# OpenVINO API Tutorial¶

This tutorial is also available as a Jupyter notebook that can be cloned directly from GitHub. See the installation guide for instructions to run this tutorial locally on Windows, Linux or macOS. To run without installing anything, click the launch binder button.

This notebook explains the basics of the OpenVINO Inference Engine API. It covers:

The notebook is divided into sections with headers. Each section is standalone and does not depend on previous sections. A segmentation and classification IR model and a segmentation ONNX model are provided as examples. You can replace these model files with your own models. The exact outputs will be different, but the process is the same.

## Load Inference Engine and Show Info¶

Initialize Inference Engine with Core()

from openvino.runtime import Core

ie = Core()


Inference Engine can load a network on a device. A device in this context means a CPU, an Intel GPU, a Neural Compute Stick 2, etc. The available_devices property shows the devices that are available on your system. The “FULL_DEVICE_NAME” option to ie.get_property() shows the name of the device.

In this notebook the CPU device is used. To use an integrated GPU, use device_name="GPU" instead. Note that loading a network on GPU will be slower than loading a network on CPU, but inference will likely be faster.

devices = ie.available_devices

for device in devices:
device_name = ie.get_property(device_name=device, name="FULL_DEVICE_NAME")
print(f"{device}: {device_name}")

CPU: Intel(R) Core(TM) i9-10920X CPU @ 3.50GHz


After initializing Inference Engine, first read the model file with read_model(), then compile it to the specified device with compile_model().

### IR Model¶

An IR (Intermediate Representation) model consists of an .xml file, containing information about network topology, and a .bin file, containing the weights and biases binary data. read_model() expects the weights file to be located in the same directory as the xml file, with the same filename, and the extension .bin: model_weights_file == Path(model_xml).with_suffix(".bin"). If this is the case, specifying the weights file is optional. If the weights file has a different filename, it can be specified with the weights parameter to read_model().

See the tensorflow-to-openvino and pytorch-onnx-to-openvino notebooks for information on how to convert your existing TensorFlow, PyTorch or ONNX model to OpenVINO’s IR format with OpenVINO’s Model Optimizer. For exporting ONNX models to IR with default settings, the .serialize() method can also be used.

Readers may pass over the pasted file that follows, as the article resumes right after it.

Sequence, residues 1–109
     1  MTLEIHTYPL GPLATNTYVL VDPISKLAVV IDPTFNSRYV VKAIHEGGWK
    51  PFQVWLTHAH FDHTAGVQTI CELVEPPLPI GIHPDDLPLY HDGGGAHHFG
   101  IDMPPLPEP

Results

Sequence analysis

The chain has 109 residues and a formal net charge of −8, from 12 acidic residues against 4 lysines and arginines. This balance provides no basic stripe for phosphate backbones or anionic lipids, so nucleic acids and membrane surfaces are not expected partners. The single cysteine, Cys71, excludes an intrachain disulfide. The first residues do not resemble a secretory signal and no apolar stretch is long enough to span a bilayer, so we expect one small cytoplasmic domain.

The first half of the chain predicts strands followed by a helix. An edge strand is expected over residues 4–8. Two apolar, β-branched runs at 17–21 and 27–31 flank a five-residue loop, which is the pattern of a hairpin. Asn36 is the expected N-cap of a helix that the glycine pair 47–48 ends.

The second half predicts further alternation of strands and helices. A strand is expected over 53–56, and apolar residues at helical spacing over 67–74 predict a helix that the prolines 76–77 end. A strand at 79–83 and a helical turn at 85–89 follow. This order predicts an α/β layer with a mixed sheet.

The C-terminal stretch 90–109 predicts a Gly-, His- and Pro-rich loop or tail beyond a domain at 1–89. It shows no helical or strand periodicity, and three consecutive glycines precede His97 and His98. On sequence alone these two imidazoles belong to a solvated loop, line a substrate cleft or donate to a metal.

from openvino.runtime import Core

ie = Core()
classification_model_xml = "model/classification.xml"

compiled_model = ie.compile_model(model=model, device_name="CPU")


### ONNX Model¶

An ONNX model is a single file. Reading and loading an ONNX model works the same way as reading and loading an IR model. The model argument points to the ONNX filename.

from openvino.runtime import Core

ie = Core()
onnx_model_path = "model/segmentation.onnx"
compiled_model_onnx = ie.compile_model(model=model_onnx, device_name="CPU")


The ONNX model can be exported to IR with .serialize():

from openvino.offline_transformations import serialize

serialize(model=model_onnx, model_path="model/exported_onnx_model.xml", weights_path="model/exported_onnx_model.bin")


## Getting Information about a Model¶

The OpenVINO IENetwork instance stores information about the model. Information about the inputs and outputs of the model are in model.inputs and model.outputs. These are also properties of the ExecutableNetwork instance. Where we use model.inputs and model.outputs in the cells below, you can also use compiled_model.inputs and compiled_model.outputs.

### Model Inputs¶

from openvino.runtime import Core

ie = Core()
classification_model_xml = "model/classification.xml"
model.inputs[0].any_name

'input'


The cell above shows that the model loaded expects one input, with the name input. If you loaded a different model, you may see a different input layer name, and you may see more inputs.

It is often useful to have a reference to the name of the first input layer. For a model with one input, next(iter(model.inputs)) gets this name.

input_layer = next(iter(model.inputs))


Information for this input layer is stored in inputs. The next cell prints the input layout, precision and shape.

print(f"input precision: {input_layer.element_type}")
print(f"input shape: {input_layer.shape}")

input precision: <Type: 'float32'>
input shape: {1, 3, 224, 224}


This cell output tells us that the model expects inputs with a shape of [1,3,224,224], and that this is in NCHW layout. This means that the model expects input data with a batch size (N) of 1, 3 channels (C), and images of a height (H) and width (W) of 224. The input data is expected to be of FP32 (floating point) precision.

### Model Outputs¶

from openvino.runtime import Core

ie = Core()